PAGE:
As part of our Business Financial Intelligence training seminars we focus some time unraveling confusion. We have found there are many commonly-heard financial terms that are commonly misunderstood in business. Perhaps one that is most commonly misunderstood is the “D” word — depreciation.
We believe it’s important to understand the language of business and nothing makes us more foolish-looking as we progress in our careers than when we misunderstand financial terms. So what is depreciation?
Depreciation is an accounting adjustment to match the cost of using up a tangible fixed asset against the benefit of using that tangible fixed asset in the business. A “tangible” asset is something we can touch and feel like for example a computer. A “fixed” asset is not only tangible but it also has to be an asset that’s used in the normal operations of the business (like our computer) and it’s not offered for sale. If we were in the business of selling computers (like Best Buy), the computers wouldn’t be an asset to be depreciated — it would be a different asset called inventory.
Lets consider a simple example using the computer we just mentioned: imagine your business spent $100,000 replacing their computers. What’s the initial transaction in the books of the business? Cash down (may go through Accounts Payable first admittedly) and Fixed Assets, Computers up. Agree? Notice this is a balance sheet transaction initial as Cash and Fixed Assets are on the balance sheet.
Lets imagine the life of these computers is determined to be 10 years and lets assume there’s no residual value to the computers, so the full $100,000 is going to be depreciated over the years. Even I can do the math on this one in my head – that’s $10,000 a year depreciation correct? So what’s the transaction in the books of the business? Fixed Assets, Computers down $10,000 and Depreciation Expense (on the Income Statement aka Profit and Loss Account) up $10,000. Can you see how this is a Balance Sheet and an Income Statement transition? Assets down, Expenses up.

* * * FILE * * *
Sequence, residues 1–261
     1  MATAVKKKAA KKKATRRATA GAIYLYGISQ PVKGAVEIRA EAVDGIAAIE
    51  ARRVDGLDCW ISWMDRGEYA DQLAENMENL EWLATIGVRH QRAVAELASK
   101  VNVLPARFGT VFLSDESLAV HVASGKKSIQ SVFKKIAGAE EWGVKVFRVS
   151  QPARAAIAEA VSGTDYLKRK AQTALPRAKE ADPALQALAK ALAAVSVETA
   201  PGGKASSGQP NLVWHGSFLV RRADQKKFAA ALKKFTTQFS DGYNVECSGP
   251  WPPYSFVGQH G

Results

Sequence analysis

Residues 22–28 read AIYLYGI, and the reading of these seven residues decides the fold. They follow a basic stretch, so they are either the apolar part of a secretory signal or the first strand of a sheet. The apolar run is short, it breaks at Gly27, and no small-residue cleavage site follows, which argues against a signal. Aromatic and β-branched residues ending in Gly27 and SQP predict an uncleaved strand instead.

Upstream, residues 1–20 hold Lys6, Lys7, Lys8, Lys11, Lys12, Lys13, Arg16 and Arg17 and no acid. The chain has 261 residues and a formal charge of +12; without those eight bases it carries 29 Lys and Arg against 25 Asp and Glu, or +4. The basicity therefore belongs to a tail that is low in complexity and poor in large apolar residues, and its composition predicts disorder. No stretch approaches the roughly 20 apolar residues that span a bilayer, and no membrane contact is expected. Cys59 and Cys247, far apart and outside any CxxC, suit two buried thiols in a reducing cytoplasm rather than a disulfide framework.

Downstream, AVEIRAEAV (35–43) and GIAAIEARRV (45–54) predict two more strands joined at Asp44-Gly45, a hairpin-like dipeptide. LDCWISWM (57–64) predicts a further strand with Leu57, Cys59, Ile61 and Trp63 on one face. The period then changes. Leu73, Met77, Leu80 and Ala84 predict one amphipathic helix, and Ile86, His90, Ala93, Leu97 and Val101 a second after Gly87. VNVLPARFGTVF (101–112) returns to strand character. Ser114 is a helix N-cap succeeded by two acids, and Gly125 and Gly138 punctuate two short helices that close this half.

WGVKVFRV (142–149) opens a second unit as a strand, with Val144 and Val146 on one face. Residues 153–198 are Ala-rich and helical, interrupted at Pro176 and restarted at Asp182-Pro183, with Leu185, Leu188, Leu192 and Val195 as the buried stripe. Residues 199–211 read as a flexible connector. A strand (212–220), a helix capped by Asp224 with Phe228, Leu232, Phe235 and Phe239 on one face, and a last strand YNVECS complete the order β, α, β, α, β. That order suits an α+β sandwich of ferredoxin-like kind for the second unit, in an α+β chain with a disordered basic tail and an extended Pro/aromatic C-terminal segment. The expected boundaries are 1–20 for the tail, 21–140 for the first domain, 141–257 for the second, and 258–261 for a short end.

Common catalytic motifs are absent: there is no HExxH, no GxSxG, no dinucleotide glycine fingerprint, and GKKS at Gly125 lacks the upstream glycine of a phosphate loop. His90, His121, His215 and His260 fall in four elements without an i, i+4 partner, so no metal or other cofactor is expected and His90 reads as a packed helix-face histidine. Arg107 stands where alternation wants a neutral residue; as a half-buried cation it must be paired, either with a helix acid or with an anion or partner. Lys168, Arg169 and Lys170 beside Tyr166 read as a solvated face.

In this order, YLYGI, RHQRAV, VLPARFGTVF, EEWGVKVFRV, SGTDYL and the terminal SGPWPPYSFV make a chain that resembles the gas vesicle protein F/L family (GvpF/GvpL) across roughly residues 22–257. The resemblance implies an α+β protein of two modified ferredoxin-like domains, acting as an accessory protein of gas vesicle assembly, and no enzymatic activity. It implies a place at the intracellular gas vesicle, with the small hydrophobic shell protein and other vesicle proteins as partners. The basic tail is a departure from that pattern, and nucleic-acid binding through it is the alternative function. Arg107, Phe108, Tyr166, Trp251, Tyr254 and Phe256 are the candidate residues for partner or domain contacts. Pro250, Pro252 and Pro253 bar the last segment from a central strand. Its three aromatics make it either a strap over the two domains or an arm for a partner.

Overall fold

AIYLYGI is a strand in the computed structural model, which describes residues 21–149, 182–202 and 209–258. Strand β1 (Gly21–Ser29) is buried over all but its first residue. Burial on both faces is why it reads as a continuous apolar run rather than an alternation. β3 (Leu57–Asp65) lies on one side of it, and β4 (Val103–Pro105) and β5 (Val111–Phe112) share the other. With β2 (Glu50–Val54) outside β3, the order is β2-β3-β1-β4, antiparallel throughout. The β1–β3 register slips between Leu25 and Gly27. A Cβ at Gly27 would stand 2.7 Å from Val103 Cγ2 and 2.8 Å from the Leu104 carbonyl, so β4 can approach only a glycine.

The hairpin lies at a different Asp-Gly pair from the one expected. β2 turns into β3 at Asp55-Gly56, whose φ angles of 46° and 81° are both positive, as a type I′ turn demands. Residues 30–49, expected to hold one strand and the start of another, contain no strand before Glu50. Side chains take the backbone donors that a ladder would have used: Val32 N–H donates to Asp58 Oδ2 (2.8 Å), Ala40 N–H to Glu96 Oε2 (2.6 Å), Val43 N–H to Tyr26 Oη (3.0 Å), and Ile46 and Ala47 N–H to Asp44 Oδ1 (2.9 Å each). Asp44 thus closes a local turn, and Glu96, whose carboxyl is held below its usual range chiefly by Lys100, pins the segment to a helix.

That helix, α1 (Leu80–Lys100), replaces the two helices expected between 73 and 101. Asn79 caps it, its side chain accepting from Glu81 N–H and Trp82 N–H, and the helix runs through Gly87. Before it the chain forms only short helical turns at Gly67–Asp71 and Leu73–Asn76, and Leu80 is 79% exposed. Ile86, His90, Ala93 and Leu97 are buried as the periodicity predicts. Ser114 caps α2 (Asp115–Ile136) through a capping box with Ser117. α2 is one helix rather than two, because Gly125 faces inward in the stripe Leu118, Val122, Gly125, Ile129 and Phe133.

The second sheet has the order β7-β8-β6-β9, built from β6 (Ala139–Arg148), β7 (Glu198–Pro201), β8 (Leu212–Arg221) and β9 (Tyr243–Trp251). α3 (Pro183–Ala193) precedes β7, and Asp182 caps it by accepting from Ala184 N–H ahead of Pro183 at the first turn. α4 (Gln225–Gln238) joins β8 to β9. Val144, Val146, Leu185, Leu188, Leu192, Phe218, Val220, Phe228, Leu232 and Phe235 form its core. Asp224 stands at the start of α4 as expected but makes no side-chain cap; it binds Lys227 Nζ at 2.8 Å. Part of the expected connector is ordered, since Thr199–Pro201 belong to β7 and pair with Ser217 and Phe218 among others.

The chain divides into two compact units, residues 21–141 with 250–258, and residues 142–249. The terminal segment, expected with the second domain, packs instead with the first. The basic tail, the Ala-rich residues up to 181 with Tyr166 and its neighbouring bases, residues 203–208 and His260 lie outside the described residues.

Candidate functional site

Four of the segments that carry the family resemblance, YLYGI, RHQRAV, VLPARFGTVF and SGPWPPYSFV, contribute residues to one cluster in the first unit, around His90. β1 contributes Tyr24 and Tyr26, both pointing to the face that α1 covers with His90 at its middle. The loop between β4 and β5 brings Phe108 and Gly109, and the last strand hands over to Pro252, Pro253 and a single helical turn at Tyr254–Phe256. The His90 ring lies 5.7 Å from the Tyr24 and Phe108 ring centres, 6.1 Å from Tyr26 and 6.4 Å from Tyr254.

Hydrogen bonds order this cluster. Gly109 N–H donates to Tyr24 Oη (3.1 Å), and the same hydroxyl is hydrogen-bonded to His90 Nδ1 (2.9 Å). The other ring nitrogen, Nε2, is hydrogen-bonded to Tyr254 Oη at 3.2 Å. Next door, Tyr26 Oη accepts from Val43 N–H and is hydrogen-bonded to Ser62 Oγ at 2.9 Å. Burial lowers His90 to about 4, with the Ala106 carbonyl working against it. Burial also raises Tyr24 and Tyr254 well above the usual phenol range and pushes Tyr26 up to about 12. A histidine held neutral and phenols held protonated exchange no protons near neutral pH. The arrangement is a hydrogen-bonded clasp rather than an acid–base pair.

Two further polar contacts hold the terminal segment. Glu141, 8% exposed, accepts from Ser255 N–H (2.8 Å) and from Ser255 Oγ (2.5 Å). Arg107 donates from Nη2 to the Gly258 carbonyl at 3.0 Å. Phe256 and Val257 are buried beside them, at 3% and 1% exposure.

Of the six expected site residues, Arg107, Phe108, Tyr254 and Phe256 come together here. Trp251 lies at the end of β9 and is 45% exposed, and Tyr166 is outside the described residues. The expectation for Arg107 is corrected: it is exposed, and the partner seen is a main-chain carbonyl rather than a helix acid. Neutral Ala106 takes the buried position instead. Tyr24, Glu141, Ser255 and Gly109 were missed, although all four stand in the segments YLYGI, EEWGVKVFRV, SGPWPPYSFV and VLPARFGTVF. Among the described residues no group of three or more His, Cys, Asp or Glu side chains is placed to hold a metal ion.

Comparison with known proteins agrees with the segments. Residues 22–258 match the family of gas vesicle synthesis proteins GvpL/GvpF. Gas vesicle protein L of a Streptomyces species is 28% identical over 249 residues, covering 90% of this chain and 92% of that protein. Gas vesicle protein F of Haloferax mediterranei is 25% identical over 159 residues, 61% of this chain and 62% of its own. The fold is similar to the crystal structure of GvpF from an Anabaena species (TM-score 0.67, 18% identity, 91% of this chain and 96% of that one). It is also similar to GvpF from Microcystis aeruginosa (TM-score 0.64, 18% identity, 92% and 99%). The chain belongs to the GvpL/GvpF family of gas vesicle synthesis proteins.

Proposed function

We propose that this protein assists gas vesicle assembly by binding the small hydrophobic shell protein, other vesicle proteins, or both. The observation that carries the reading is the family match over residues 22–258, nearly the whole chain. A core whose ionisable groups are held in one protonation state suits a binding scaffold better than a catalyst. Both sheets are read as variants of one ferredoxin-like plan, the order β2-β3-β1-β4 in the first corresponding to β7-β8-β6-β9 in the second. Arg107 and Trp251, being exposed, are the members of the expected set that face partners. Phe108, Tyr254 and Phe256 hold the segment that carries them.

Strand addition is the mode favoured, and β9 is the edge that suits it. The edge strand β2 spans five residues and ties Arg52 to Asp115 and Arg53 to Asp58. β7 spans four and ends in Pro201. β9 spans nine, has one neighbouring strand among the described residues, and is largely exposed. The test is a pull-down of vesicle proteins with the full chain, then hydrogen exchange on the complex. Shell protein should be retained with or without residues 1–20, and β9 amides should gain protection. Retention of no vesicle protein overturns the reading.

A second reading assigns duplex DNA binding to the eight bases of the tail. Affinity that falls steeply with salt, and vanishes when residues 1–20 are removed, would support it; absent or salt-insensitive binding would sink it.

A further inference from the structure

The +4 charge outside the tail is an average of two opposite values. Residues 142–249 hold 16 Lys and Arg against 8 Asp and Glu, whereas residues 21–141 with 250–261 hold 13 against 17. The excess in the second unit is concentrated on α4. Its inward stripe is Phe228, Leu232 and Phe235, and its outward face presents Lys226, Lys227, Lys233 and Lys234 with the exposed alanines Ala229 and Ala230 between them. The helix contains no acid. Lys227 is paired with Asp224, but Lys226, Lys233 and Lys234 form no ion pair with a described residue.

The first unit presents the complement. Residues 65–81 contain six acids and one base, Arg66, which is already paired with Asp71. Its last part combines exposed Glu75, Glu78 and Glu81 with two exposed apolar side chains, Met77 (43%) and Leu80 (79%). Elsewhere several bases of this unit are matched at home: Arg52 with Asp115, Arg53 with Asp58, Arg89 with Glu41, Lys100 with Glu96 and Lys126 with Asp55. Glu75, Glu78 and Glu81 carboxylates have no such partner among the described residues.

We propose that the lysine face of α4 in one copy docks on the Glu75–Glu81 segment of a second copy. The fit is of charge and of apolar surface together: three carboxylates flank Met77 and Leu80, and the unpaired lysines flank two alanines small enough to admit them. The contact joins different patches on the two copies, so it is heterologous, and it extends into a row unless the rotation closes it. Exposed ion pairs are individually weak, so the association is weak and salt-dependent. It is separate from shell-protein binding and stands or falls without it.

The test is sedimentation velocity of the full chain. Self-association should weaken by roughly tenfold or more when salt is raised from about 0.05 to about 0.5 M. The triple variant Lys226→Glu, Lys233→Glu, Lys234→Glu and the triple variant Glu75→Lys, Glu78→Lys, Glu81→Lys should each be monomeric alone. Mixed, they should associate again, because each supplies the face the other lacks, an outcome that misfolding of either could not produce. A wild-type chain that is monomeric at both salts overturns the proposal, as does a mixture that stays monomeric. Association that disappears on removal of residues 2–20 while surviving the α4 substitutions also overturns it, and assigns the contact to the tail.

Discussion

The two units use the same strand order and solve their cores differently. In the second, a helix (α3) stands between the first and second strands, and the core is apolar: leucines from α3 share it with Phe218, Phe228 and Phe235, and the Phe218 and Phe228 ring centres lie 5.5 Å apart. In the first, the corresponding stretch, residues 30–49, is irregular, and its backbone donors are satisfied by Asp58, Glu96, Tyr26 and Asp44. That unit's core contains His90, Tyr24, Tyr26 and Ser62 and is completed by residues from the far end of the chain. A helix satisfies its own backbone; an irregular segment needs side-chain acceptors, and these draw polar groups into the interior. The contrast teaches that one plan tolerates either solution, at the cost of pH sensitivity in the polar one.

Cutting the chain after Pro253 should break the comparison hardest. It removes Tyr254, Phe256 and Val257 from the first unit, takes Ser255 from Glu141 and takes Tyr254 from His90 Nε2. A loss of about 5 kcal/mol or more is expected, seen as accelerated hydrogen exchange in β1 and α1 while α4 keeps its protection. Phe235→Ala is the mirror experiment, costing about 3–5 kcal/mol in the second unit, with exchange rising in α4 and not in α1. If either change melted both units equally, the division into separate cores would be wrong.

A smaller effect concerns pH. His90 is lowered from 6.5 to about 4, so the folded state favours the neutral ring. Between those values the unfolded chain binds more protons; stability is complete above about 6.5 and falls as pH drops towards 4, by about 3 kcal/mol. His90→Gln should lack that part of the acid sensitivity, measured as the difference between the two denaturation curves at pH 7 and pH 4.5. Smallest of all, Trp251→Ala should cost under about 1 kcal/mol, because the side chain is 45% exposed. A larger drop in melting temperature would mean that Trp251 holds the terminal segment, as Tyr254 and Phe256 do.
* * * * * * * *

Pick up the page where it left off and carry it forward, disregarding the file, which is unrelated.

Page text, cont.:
Why do we push up expenses? Well another way of explaining expenses is that they’re something that’s been USED in the business. Wouldn’t you agree we’ve USED up 1/10th of the computers? The good news is because we’re used up $10,000 worth of the computers, we can recognize that as an expense in the business which in turn brings down the profits of the business (as profits are simply income less expenses, right?) If we bring the profits down, we pay less tax.
Without getting all “Accounting-Geek” about this, depreciation is what we call a Pre-Paid Expense. I love living in America but outside of the States, we call these what they really are which is a Pre-Paid Asset. These are assets (i.e. computers) that turn into expenses (depreciation) when they’ve beed USED. #boom!
So if you didn’t know this already, I hope this has clarified what the “D” Word means — it’s commonly heard, commonly misunderstood in the management meetings of the world.